Contrary to fragmentation of the poet-lover, stands the unity of the lady love. The lady love’s beauty and virtue torment the poet-lover and leads to conflict between wit and will. Such a dilemma is very much Petrarchan. According to the Petrarchan convention, such a situation can be overcome by the metamorphosis of the living women into the work of art. By writing about his love, the poet creates a work of art whose beauty and permanence redeem the sensuality of human passion. Such a situation occurs in Petrarch in which lover is distant inspiration and there’s no interaction between her and her lover. The Petrarchan Rime traces the process of sublimation of human desire into heavenly love – a process helped by Laura’s death. However, in Sidney, Astrophil does not allow Stella’s unity to appear in sublimated form as a Star, “True that on earth we are but pilgrims made/ And should in soul up to our country move:/ True, and yet true that I must Stella love.” Anthony Low points out that the conflict is thus, not only between ‘reason’ and ‘desire’ as Kalstone and most interpreters since would have it, but between two forms of desire: ideal and sexual. After all from a rational Christian perspective there, there is no excuse for Astrophil or for Sidney to continue to indulge himself on love for a married woman either lustfully or idealistically. Still, he wants to fragment Stella to fetishize each part of her body and enjoy her in fragments as elucidated in his sexually charged fantasy in Song 10. “The Kiss” would make all the difference for Astrophil and thus, he not only accepts the woman as inspiration but also desires ‘the kiss’ which would inspire him. Such a dominance of desire and refusal to sublimate it is a suggestion of the fact that the poem will remain incomplete as long as it pursues physical consummation rather than aesthetic satisfactions of formal completion. Here, Sidney deviates from Petrarchan vision in his emphasis on sexual desire. In the eight song, in a scene of intense sensuality, he pleads for Stella’s surrender. When she refuses, his song is ‘broken’, rejection leads Astrophil into bleak despair with which the sequence ends. Yet in this same song Astrophil also speaks of an ideal beauty which is surely the epitome of the high Petrarchan unreachable ideal, but he also emphasizes on how it is inseparable from his sexual longings. This powerful combination of longings for a spiritual ideal and a sexual object proves impossible for Astrophil to maintain – yet equally impossible for him to relinquish.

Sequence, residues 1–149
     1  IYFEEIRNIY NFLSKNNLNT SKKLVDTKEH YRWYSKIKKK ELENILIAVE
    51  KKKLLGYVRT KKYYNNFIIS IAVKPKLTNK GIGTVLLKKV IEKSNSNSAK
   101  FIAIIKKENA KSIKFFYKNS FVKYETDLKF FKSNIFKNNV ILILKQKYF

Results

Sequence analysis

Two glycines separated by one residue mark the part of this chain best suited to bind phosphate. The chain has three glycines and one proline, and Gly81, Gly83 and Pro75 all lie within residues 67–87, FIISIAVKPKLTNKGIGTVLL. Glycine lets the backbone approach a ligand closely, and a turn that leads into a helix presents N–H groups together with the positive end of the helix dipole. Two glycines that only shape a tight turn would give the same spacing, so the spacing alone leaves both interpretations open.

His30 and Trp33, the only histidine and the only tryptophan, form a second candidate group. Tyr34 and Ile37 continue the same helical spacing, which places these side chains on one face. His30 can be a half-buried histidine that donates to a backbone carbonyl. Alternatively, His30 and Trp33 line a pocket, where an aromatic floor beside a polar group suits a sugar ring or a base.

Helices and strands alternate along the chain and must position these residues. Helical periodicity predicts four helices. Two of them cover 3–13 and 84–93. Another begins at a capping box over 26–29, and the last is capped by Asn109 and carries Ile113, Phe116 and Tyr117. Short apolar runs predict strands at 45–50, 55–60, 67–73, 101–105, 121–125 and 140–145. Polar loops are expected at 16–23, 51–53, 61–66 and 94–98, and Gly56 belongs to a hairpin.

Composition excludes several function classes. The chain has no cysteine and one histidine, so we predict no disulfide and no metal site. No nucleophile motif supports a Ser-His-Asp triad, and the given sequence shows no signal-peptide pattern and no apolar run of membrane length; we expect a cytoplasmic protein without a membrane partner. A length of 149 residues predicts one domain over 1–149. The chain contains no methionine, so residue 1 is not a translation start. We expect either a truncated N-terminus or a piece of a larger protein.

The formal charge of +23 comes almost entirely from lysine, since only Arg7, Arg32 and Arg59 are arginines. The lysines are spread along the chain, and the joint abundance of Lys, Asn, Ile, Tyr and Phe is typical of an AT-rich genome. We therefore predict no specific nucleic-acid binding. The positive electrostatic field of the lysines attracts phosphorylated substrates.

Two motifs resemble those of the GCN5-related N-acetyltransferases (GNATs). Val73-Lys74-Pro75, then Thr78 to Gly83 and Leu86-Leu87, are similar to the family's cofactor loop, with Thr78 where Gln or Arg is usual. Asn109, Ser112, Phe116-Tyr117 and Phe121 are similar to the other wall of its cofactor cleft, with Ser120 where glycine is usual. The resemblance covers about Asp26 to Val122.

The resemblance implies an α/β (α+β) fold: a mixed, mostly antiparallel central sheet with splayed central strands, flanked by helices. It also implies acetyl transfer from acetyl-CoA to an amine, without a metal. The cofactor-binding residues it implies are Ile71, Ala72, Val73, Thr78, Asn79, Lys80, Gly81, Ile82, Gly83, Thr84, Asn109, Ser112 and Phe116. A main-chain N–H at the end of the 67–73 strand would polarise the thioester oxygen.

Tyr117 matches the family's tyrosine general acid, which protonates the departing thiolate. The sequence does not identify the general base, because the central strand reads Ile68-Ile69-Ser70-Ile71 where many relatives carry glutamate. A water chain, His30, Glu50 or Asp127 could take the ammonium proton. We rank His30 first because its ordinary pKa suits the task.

Another major characteristic of Petrarchanism seems to be a discourse of control and domination while on the surface seeming to focus on the depicting and idealizing of the beloved and to offer her patient unrewarded service. The Petrarchan mistress is less the subject of eroticization than of power. In this context, is then Stella’s silence the repression of the poet or the dominant male character, a whole cultural blindness that fixed women as objects of gaze and analysis within a discourse they did not invent and could not control? Astrophil’s shifting desires and projections in the sonnets make them into a theatre of his desires, not hers, one in which the poet takes the active role and in which Stella is assigned silent, iconic functions. She is subject of his anguish, manipulation and struggles of conscience under a discursive structure already and seemingly always in place, an apparently natural language of sexuality and sexual difference which can provide Stella visibility only within the poet’s powers.